Thicker specimens (such as tissue samples) could only be frozen in the past, if
a cryoprotectant was added to lower the freezing point of the water in the
specimen. The disadvantage of chemical cryoprotectants is that they often
affect certain cell structures, causing different types of undesirable artefacts.

By using the high pressure freezing method developed by Prof. Moor (ETH
Zurich) these artefacts can be eliminated. The high pressure method is based
on an entirely physical phenomenon that lowers the freezing point of water.
This method functions as follows: At 2,100 bar the melting point of water
drops from 0C to -22C. Under normal atmospheric conditions homogeneous
nucleation (supercooling) begins at -40C. Under high pressure this nucleation
doesn’t begin until the water has reached -90C (see H2O Phase Diagram).

At 2,100 bar water is 1,500 times more viscous than at atmospheric pressure, which drastically reduces the nucleation and thus the crystal growth rate. This means that the extremely high freezing rate (min. 10,000C/s required for satisfactory freezing by the methods previously mentioned) is not necessary with the high pressure method. The high pressure method allows specimens up to 0.2mm thickness with a total volume of approx. 1mm3 to be vitrified or up to 0.5mm thickness to be adequately frozen at a low freezing rate of 200C/s without requiring the addition of cryoprotectants.

Supplied complete with the following:

  • Instrument cabinet containing high & low pressure generation system
  • Specimen pressure chamber
  • Temperature & pressure control system
  • Specimen holder with hinged tip recessed for 3 mm and 6mm dia. X 0.5mm deep sample carriers
  • Test probe
  • Operating & display panel
  • Heating thermostat with stainless steel water bath and control head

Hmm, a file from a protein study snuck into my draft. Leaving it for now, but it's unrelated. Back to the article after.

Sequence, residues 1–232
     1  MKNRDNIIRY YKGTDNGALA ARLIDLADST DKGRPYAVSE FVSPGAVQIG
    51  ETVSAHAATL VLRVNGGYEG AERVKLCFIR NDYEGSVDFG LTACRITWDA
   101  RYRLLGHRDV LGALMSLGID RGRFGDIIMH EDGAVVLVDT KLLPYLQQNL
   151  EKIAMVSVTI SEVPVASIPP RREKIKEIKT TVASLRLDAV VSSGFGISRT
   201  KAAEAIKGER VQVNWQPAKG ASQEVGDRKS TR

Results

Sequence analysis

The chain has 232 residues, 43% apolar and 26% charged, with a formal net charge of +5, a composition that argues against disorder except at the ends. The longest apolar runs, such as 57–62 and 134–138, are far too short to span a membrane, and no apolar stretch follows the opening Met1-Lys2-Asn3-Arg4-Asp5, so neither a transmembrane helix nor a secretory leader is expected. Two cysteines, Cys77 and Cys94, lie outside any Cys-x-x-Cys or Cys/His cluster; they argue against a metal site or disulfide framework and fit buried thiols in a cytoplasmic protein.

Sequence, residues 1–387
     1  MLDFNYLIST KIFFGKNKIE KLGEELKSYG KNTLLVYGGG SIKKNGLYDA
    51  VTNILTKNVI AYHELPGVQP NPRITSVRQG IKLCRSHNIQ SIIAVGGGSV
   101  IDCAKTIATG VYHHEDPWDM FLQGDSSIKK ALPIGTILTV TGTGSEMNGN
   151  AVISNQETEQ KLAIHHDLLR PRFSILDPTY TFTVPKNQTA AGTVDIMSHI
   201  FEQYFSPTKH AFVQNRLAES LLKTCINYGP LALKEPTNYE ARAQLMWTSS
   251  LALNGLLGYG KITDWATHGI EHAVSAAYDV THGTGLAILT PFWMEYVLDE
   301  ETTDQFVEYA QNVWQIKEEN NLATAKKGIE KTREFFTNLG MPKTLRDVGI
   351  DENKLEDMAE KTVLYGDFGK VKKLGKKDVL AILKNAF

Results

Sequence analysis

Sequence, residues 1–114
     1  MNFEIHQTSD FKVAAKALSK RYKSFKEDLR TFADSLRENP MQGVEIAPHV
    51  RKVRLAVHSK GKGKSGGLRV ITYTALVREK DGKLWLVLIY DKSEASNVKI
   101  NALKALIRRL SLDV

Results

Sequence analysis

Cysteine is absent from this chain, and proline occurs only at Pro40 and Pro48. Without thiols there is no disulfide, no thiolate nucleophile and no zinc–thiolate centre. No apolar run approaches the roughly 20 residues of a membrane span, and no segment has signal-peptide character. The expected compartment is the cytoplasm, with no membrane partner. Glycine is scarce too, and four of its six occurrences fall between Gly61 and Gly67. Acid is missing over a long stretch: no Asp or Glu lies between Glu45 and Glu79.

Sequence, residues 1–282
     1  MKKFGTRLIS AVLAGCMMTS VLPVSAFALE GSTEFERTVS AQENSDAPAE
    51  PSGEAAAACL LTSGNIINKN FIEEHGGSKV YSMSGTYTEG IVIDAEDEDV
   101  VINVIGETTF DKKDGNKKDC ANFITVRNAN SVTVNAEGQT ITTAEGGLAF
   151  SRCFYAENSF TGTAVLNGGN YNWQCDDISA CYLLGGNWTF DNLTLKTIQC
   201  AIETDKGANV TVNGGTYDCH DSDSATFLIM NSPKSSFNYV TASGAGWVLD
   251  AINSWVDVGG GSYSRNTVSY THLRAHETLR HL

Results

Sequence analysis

• Set of spares, P/N 690069, consisting of spare gaskets, o-ring seals, piston seals, slide rings and springs
  • Set of tools, P/N 690070, consisting of high pressure N2 gas charging adapter, hook spanner and expanding mandrel
  • Specimen unloading device with insulated chamber
  • 50 each type A & type B aluminum specimen carriers in 6mm and 3mm sizes.
  • Dimensions: 1682mm high x 1010mm wide x 700mm deep,  weight 450kg
  • Mounted on 4″ dia. caster wheels for mobility


Working Data
Working pressure     2300 – 2600 bar
Maximum pressure     2800 bar
Duration of working pressure, at least     500 ms
Cooling time from 0C to -50C
(measured between 3 mm copper disc)    10 ms

Specimen Dimensions
Sample size, up to max. of 200µm thickness and 6mm diameter
Connection Data
Voltages, frequencies     3 x 380/220 V, 50 Hz or 3 x 208 V, 60 Hz
Power input, approx.     3kVA
Compressed air (5 bar)     G 1/4” outer thread
LN2 (1 bar excess pressure)     G 1/4” outer thread
Heating water (rubber hose)     Ø 7/14mm
Operational Data
Hydraulic oil reservoir     40 liters
Hydraulic oil bias pressure     140 – 250 bar
LN2 Dewar (in system)     7 liters
LN2 consumption     10 – 20 liters/hour
Initial system cooling, approx.     15 min.
Max. processing sequence, approx.     40 shots/hour
lsopropyl alcohol reservoir, approx.     0.5 liters